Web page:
Hurricane, earthquake and windstorm modellers in the RMS Global Risk Modelling group worked in collaboration with the Natural Perils Research Group at Munich Re to devise the structure of the parametric triggers involved in the Prime Capital transaction. For the earthquake modelling team led by Don Windeler and Guy Morrow from the RMS California office, the chief challenge was to work with the information that is provided from the US Geological Survey reports, comprising the location of the epicentre and the magnitude. The epicentre – the point on the earth's surface immediately above where the fault that generated the earthquake started to break – is not an ideal way to characterise the source of an earthquake. Where the fault breaks in only one direction the epicentre may be located right at the end of the fault-zone from which the vibrational energy was radiated. Fault area correlates with the size of the earthquake, and while a magnitude 5 earthquake may be only one kilometre in length and can be characterised as ‘a point', a magnitude 7.5 earthquake will involve a fault rupture 100km or more in length. For a circular trigger area, basis risk increases with the magnitude threshold because of the increasing difference in loss outcome between an epicentre on a fault lying tangential or radial to the central point. For this reason, simple single box or circle triggers are only really effective where the level of seismicity (and hence expected magnitudes) are fairly low.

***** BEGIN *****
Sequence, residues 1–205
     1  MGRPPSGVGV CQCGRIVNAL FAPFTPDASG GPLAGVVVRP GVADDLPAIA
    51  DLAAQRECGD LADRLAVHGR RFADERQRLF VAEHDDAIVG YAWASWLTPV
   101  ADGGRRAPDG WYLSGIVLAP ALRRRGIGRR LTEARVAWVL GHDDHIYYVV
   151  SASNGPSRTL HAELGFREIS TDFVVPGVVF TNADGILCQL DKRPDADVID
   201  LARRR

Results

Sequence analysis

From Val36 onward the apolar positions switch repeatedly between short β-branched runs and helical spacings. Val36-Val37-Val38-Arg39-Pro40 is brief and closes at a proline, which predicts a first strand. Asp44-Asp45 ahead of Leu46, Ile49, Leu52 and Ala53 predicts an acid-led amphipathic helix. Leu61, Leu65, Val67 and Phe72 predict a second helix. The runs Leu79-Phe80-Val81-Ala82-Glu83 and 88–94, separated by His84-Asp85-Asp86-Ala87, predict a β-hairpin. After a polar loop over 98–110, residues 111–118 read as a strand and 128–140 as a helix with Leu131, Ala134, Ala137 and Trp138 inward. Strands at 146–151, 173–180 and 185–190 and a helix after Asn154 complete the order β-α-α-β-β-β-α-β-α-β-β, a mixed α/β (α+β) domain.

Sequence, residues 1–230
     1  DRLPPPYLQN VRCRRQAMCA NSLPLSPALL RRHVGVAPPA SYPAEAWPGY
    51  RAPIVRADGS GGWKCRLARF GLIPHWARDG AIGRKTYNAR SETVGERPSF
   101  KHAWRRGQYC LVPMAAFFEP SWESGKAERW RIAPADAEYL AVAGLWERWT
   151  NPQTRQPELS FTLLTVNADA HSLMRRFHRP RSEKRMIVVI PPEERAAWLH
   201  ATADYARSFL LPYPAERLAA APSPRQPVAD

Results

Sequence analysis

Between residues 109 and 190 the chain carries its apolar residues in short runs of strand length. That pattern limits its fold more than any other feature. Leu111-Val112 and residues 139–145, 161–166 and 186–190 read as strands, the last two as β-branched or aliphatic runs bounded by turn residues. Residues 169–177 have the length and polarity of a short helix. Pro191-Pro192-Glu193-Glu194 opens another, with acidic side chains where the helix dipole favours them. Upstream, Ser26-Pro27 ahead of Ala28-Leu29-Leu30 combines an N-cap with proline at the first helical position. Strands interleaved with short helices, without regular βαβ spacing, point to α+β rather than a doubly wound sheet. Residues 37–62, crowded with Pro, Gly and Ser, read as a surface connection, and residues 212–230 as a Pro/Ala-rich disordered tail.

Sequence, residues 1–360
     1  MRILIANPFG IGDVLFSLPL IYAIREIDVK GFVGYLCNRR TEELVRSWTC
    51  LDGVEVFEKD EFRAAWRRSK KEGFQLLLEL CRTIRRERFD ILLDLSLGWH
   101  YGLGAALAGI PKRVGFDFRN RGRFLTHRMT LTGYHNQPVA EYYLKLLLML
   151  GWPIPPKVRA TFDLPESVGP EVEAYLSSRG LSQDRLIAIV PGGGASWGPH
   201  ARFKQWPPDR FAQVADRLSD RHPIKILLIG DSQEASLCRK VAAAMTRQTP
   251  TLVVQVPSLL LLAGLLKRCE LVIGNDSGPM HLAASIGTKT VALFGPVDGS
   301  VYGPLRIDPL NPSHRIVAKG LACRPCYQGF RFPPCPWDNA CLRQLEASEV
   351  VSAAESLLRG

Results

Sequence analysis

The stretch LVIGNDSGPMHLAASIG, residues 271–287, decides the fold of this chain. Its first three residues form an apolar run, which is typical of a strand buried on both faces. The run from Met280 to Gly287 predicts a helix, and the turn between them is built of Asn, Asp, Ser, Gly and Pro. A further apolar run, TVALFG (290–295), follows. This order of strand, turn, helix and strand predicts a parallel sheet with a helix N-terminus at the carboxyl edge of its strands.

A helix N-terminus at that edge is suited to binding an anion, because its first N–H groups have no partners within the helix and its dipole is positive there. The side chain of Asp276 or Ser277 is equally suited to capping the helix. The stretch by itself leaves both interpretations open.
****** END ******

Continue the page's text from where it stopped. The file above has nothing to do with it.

To get round this problem for California, a series of four trigger boxes were established providing coverage for Greater Los Angeles and another four covering the San Francisco Bay area. For each region, a central box was drawn that covered the principal concentration of exposed risk and then outer boxes were defined that followed the grain of the principal faults. Trigger threshold magnitudes rise away from the central box, as it is only the largest of all earthquakes that would have the potential to rupture all the way into the central box.

    East Coast hurricane
    The challenge for US East Coast hurricane triggers is again to work with the information that is guaranteed to be provided by the National Hurricane Centre (NHC) in Miami. The density of windspeed recorders is too sparse and the potential for equipment failure in a hurricane too great to build a parametric structure on the windspeed observations themselves. However, central pressure, as published by the NHC, provides a good first order descriptor of the overall impact of a hurricane. After testing numerous alternative configurations of boxes and gates protecting the principal sources of hurricane-affected exposure around Greater New York and MetroMiami, a set of gates were defined. One gate runs from halfway down Long Island to the central New Jersey shoreline ‘protecting' New York, while two shorter gates were drawn along the coast adjacent to Miami. The trigger points were established as central pressure thresholds at landfall, for hurricanes crossing from sea to land, for each of these gates.

    Unlike hurricanes, the impact of extra-tropical cyclone (ETC) windstorms in Europe cannot be characterised from central pressure and track-landfall alone because there is a poor correlation between the central pressure and the flanking dynamic pressure gradient that drives the windfield. However, in Europe there is a high density of windspeed recording stations, and at the windspeeds experienced in ETC storms, a low risk of recorders failing.